Father of micro-lending Akula is ’Social Entrepreneur 2006’
Thursday, November 30, 2006
Author of the Indian microfinance success story Vikram Akula, founder of SKS Microfinance Pvt Ltd, believes that even though microfinance is not an answer to the agriculture crisis in Vidarbha, it can supplement incomes for farm families. After 150 branches all over the country, he moved into Vidarbha recently. His three branches have 1,000 borrowers in 21 villages.
It is this pragmatism that has made him India’s most successful micro-financer. On Monday, he was honoured as ’Social Entrepreneur of the Year 2006 in India’. The Schwab Foundation and the Nand & Jeet Khemka Foundation collaborated with the Confederation of Indian Industries and UNDP to select the awardee.
Akula finds the idea of 2-3 acre farms going into capital-intensive crops like cotton risky. His total agriculture lending is just 6% with SKS focusing on non-farm activity. “There has to be a regular cash flow for microfinance to succeed,’’ he says. He lends to women’s groups sums as little as Rs 1,000 for starting a shop, rearing livestock and starting a small enterprise like bicycle repair.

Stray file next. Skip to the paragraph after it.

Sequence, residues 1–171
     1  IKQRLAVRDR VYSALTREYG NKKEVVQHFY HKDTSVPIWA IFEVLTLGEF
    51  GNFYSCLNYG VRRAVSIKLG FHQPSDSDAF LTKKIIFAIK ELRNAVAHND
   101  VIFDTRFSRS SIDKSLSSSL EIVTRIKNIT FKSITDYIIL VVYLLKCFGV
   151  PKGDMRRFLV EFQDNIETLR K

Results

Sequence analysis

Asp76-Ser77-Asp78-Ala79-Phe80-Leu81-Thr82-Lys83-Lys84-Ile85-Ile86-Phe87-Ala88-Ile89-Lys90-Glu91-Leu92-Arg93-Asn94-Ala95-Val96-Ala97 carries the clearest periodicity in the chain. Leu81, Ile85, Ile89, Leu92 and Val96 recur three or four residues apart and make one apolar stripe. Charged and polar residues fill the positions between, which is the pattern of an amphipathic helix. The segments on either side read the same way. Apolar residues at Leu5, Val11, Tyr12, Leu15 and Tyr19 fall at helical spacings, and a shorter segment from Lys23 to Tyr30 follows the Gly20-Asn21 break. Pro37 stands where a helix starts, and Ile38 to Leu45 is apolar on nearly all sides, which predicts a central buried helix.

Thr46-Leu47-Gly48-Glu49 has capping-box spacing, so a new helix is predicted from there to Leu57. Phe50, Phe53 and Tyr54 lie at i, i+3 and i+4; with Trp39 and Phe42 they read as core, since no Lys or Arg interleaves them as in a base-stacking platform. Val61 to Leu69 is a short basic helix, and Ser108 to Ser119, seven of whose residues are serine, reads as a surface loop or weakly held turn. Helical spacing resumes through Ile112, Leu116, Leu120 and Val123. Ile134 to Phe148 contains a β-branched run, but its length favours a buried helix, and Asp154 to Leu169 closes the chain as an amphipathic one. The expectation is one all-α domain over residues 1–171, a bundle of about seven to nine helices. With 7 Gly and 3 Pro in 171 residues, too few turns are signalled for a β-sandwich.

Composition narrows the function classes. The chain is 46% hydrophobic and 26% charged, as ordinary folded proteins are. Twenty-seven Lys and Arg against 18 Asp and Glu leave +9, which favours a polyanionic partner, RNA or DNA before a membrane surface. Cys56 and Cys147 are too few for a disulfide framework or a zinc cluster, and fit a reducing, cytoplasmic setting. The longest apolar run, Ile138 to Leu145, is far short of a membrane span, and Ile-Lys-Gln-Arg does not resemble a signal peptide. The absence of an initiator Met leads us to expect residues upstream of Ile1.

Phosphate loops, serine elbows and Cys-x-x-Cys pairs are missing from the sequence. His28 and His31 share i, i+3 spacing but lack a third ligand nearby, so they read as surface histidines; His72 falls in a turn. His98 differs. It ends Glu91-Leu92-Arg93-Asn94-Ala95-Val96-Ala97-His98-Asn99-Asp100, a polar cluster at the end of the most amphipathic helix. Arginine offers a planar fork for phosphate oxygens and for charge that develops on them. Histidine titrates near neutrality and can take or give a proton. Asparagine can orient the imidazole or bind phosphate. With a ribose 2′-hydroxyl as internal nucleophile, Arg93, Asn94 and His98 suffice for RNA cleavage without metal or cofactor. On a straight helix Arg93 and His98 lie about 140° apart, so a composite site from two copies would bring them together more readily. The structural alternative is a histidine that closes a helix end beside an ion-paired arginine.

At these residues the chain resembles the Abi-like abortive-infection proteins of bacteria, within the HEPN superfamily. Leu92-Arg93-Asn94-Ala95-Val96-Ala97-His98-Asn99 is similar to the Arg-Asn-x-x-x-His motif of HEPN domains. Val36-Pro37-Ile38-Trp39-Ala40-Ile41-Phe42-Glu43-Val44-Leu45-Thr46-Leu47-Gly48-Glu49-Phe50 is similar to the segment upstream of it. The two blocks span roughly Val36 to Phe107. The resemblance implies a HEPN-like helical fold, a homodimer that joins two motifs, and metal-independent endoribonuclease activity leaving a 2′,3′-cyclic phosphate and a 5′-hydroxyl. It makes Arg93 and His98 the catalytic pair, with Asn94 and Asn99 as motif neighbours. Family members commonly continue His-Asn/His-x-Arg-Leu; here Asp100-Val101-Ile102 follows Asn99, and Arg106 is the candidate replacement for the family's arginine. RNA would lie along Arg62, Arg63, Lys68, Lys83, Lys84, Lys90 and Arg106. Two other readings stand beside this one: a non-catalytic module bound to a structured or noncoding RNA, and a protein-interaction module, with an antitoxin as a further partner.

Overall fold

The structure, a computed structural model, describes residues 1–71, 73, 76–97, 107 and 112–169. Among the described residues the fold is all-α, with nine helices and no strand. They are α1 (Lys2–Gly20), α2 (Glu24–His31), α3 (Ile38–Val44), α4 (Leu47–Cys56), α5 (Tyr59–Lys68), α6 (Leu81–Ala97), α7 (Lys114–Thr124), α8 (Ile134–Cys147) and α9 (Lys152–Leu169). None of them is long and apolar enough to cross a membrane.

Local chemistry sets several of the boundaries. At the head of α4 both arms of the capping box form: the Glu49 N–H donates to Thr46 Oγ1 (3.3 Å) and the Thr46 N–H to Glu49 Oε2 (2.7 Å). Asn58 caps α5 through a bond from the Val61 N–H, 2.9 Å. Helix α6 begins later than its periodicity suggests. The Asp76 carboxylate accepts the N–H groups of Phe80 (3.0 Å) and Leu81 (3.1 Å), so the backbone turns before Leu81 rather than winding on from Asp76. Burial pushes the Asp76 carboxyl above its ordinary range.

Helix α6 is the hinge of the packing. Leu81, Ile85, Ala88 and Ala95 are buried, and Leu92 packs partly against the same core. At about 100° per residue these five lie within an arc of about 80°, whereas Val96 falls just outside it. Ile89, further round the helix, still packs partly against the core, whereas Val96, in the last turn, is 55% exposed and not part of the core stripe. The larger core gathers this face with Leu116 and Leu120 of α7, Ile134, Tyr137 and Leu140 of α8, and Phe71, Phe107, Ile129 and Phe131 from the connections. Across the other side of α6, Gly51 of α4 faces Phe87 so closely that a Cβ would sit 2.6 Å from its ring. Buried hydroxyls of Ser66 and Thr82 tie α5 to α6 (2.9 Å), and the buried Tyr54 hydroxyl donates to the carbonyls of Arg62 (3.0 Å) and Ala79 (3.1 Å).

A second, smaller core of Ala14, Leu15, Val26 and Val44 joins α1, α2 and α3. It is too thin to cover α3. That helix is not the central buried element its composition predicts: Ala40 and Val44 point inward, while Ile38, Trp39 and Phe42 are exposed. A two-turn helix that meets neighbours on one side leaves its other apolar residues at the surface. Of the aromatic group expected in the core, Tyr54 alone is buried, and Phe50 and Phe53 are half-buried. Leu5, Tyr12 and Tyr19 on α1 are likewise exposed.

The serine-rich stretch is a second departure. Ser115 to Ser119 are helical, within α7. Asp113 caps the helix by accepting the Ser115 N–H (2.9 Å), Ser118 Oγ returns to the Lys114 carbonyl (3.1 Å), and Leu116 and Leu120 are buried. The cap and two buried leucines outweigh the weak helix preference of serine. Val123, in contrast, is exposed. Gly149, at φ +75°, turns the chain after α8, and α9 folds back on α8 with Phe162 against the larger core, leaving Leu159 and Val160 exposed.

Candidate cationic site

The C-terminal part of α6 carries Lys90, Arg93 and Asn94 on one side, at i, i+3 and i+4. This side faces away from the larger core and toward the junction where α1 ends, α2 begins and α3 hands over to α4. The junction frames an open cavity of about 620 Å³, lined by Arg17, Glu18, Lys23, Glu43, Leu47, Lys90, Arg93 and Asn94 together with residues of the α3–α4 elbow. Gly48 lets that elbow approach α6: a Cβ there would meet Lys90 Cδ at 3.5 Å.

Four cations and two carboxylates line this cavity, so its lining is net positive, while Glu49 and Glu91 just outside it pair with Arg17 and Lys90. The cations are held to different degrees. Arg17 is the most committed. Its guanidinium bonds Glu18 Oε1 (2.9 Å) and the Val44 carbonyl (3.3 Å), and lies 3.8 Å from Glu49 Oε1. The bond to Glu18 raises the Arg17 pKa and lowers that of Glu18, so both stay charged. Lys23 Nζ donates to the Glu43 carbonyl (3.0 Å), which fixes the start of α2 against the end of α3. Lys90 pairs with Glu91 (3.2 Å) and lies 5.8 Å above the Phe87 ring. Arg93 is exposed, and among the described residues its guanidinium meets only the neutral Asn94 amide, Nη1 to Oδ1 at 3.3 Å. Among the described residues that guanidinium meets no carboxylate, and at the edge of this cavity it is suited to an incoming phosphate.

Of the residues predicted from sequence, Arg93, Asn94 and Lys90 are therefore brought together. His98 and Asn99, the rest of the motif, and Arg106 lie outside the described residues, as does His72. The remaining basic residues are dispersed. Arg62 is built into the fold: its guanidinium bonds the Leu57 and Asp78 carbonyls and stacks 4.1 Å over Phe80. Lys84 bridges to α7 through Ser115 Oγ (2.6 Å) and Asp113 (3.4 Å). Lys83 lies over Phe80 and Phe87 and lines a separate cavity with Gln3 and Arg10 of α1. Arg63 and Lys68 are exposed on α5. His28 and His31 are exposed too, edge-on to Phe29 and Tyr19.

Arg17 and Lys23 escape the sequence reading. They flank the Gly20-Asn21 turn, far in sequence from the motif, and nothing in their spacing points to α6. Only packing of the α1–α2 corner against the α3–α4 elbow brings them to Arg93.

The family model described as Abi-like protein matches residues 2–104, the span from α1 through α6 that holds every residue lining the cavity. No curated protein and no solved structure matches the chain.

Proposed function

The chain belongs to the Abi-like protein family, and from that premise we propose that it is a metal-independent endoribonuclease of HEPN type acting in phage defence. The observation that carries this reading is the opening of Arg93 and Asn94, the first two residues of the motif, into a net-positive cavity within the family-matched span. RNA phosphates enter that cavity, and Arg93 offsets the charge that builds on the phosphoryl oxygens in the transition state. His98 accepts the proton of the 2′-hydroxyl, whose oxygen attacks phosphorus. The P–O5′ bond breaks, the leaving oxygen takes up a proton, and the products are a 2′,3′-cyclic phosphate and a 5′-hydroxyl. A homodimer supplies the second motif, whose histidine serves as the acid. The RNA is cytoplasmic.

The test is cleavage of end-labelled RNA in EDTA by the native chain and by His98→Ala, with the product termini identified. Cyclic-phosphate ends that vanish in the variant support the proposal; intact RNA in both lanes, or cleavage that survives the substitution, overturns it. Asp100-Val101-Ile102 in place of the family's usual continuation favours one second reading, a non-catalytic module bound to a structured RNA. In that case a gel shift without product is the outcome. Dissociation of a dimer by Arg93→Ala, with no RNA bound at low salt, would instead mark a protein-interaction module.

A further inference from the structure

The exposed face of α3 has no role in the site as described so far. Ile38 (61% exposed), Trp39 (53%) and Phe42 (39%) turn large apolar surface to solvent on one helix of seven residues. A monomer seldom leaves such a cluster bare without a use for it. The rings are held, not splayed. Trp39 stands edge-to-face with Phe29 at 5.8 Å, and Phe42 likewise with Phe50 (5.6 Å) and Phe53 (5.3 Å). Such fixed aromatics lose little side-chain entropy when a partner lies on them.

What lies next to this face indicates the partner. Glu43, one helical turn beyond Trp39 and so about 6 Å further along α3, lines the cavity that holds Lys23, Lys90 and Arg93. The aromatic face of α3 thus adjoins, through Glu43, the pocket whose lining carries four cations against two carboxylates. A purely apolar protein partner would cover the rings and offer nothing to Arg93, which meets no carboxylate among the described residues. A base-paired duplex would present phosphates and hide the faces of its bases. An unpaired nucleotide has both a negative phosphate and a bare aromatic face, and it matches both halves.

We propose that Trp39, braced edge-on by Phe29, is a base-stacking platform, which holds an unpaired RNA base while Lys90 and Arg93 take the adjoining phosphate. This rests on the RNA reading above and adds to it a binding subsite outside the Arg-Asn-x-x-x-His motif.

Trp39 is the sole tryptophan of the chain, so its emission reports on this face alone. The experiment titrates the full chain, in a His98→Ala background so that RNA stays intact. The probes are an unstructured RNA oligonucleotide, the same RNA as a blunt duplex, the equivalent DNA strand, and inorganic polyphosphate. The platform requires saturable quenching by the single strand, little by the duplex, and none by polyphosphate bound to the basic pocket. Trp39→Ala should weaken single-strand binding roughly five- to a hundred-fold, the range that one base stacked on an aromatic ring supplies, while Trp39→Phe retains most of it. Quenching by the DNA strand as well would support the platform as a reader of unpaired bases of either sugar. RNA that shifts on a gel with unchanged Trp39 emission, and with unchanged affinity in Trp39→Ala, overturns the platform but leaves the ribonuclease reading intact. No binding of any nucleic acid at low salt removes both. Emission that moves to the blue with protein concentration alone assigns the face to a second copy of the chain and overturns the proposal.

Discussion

His profits will put best corporations to shame – SKS was the fastest growing microfinance institution from 1998 to 2004 with 300% growth rate. SKS has lent over 3.2 billion rupees in income-generating loans and has benefited approximately 1.5 million individuals. Their loan members improve their economic well-being by 11% yearly.
Though he has operations in Bihar and Punjab, he believes southern India lends itself better to microfinance – there is more non-farm activity there. “There was a recent study that dhobis, tailors and barbers contribute more to Andhra’s GDP than IT,’’ he says pointing to the untapped credit market in India.
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